All the patients included in this study underwent aortic thromboendarterectomy and ABFB grafting through midline laparotomy and transperitoneal approach. The parietal peritoneum overlying infrarenal aorta was incised after releasing the ligament of the Treitz. After this, the left renal vein was mobilized and retracted caudally but never divided to achieve adequate and safe access to the superior mesenteric artery (SMA) and renal artery-bearing segment of the aorta [Figure 2]a. The site of aortic clamping was decided based on the proximal extent of the thrombus and the involvement of viscero-renal arteries. Supra-celiac aorta was dissected and exposed in case thrombus and plaque extent warranted supra celiac aortic control, or there was no safe clamping space between SMA and renal arteries due to their very close ostia [Figure 1]. After 1 mg/kg of heparin injection, clamping of one or bilateral renal arteries was mandatory with bulldog soft clamps before inter/suprarenal aortic clamp placement to reduce the risk of atheroembolization. The aortic clamping was inter-renal, suprarenal, or supraceliac as mandated by the extent of thrombus in relation to renal and SMA [Figure 1].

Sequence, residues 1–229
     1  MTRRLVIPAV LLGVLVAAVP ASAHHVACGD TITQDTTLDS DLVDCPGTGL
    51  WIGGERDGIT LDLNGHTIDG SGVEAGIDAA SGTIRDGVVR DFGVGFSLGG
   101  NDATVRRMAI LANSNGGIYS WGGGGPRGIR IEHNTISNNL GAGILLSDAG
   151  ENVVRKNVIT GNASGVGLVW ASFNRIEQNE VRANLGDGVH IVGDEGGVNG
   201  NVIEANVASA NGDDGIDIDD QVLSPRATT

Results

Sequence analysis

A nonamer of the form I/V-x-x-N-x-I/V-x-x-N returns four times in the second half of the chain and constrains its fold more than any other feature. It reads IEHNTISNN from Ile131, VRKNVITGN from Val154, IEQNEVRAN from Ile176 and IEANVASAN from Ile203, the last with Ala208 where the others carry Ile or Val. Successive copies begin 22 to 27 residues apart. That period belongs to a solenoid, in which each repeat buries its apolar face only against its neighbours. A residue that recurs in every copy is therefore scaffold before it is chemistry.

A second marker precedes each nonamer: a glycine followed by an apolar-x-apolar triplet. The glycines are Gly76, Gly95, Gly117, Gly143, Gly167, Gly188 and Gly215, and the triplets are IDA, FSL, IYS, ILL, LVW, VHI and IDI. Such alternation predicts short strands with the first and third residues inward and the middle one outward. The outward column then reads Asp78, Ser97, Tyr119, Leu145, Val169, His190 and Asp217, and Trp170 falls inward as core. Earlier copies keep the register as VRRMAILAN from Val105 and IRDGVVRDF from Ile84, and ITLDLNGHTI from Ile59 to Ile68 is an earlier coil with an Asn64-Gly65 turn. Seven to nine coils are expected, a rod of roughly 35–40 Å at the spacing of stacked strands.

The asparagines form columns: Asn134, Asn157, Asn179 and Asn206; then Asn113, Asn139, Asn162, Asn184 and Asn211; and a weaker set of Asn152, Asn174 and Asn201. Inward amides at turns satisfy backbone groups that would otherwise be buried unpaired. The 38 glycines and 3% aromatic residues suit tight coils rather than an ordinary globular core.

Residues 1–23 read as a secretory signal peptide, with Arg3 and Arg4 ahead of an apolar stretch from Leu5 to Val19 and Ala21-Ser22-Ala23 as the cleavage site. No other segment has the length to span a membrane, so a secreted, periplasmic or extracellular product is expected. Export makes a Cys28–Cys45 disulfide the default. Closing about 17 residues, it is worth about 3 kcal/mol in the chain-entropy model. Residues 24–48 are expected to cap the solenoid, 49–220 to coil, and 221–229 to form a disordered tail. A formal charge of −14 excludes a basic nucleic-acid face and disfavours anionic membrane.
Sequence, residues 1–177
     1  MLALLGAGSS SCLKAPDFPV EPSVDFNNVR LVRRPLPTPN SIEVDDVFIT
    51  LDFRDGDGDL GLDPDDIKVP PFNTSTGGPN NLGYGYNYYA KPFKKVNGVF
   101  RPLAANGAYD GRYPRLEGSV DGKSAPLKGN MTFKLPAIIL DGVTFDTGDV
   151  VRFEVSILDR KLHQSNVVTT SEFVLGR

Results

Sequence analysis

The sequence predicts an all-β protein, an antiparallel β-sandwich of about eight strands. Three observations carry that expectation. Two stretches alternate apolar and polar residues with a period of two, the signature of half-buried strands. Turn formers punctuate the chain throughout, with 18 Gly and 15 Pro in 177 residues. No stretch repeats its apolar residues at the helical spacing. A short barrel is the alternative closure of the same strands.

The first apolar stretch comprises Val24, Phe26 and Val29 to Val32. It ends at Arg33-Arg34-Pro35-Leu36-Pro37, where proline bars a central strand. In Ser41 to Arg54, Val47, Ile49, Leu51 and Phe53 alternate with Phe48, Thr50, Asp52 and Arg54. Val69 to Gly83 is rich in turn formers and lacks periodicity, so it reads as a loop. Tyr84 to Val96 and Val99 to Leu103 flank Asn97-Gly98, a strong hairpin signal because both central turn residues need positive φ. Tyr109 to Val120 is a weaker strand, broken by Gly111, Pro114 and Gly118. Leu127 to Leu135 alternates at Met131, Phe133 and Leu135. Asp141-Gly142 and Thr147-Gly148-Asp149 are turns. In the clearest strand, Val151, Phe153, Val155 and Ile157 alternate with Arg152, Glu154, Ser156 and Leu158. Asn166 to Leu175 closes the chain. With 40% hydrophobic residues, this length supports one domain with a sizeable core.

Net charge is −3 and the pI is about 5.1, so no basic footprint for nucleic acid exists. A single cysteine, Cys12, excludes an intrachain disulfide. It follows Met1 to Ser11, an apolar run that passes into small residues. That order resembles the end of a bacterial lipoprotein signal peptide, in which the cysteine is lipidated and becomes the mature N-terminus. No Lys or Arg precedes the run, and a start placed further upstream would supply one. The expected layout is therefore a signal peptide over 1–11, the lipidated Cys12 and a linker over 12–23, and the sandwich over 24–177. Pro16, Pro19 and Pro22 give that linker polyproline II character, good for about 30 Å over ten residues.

Figure 2: Intraoperative pictures showing the surgical technique of ABFB in JRAIO. (a) Intraoperative picture showing retroperitoneal structures–left renal vein looped and retracted caudally, renal arteries and SMA dissected neatly for safe suprarenal clamping (arrows). Green and yellow arrow depicting right and left renal arteries, black arrow showing SMA. (b) Infrarenal aorta transacted 2 cm below renal arteries after clamping renal arteries and suprarenal aorta. (c) Intraoperative picture showing end-to-end anastomosis of the aorta with a coated Polyester graft. (d) Intraoperative picture showing retrograde bypass from the left limb of ABFB graft to SMA. SMA: Superior mesenteric artery, JRAIO: Juxtarenal aortoiliac occlusion, ABFB: Aortobifemoral bypass